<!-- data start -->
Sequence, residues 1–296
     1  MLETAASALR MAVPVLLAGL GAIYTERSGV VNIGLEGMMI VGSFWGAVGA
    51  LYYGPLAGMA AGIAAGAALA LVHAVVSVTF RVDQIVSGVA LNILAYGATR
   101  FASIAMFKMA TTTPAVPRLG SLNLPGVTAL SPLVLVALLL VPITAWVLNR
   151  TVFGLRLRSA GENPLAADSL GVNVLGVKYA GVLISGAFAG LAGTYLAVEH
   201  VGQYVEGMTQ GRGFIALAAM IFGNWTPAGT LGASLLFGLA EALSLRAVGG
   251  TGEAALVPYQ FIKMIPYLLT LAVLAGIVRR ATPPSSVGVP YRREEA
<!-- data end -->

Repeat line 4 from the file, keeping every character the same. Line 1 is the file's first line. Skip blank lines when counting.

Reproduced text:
   101  FASIAMFKMA TTTPAVPRLG SLNLPGVTAL SPLVLVALLL VPITAWVLNR